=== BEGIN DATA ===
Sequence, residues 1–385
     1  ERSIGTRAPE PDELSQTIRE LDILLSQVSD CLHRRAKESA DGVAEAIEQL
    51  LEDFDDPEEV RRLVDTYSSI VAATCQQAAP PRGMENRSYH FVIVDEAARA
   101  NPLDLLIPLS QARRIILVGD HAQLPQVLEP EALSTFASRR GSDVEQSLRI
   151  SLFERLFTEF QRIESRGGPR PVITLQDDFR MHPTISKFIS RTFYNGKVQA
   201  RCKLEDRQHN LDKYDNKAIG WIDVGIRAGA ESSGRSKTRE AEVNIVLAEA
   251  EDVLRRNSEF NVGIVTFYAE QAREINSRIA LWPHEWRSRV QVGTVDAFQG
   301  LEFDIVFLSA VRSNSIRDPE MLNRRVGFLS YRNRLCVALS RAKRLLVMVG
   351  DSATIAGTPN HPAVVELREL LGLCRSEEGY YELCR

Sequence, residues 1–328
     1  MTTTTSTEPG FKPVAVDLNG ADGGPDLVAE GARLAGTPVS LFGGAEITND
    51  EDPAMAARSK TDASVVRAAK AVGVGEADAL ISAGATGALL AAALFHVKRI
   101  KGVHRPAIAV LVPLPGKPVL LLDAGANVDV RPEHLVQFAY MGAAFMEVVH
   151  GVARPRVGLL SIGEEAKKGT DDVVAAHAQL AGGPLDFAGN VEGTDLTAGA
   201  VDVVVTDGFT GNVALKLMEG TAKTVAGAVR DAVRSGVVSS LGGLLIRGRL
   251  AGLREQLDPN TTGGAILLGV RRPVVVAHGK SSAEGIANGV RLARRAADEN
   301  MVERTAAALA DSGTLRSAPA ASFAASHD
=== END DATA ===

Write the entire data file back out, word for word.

Sequence, residues 1–385
     1  ERSIGTRAPE PDELSQTIRE LDILLSQVSD CLHRRAKESA DGVAEAIEQL
    51  LEDFDDPEEV RRLVDTYSSI VAATCQQAAP PRGMENRSYH FVIVDEAARA
   101  NPLDLLIPLS QARRIILVGD HAQLPQVLEP EALSTFASRR GSDVEQSLRI
   151  SLFERLFTEF QRIESRGGPR PVITLQDDFR MHPTISKFIS RTFYNGKVQA
   201  RCKLEDRQHN LDKYDNKAIG WIDVGIRAGA ESSGRSKTRE AEVNIVLAEA
   251  EDVLRRNSEF NVGIVTFYAE QAREINSRIA LWPHEWRSRV QVGTVDAFQG
   301  LEFDIVFLSA VRSNSIRDPE MLNRRVGFLS YRNRLCVALS RAKRLLVMVG
   351  DSATIAGTPN HPAVVELREL LGLCRSEEGY YELCR

Sequence, residues 1–328
     1  MTTTTSTEPG FKPVAVDLNG ADGGPDLVAE GARLAGTPVS LFGGAEITND
    51  EDPAMAARSK TDASVVRAAK AVGVGEADAL ISAGATGALL AAALFHVKRI
   101  KGVHRPAIAV LVPLPGKPVL LLDAGANVDV RPEHLVQFAY MGAAFMEVVH
   151  GVARPRVGLL SIGEEAKKGT DDVVAAHAQL AGGPLDFAGN VEGTDLTAGA
   201  VDVVVTDGFT GNVALKLMEG TAKTVAGAVR DAVRSGVVSS LGGLLIRGRL
   251  AGLREQLDPN TTGGAILLGV RRPVVVAHGK SSAEGIANGV RLARRAADEN
   301  MVERTAAALA DSGTLRSAPA ASFAASHD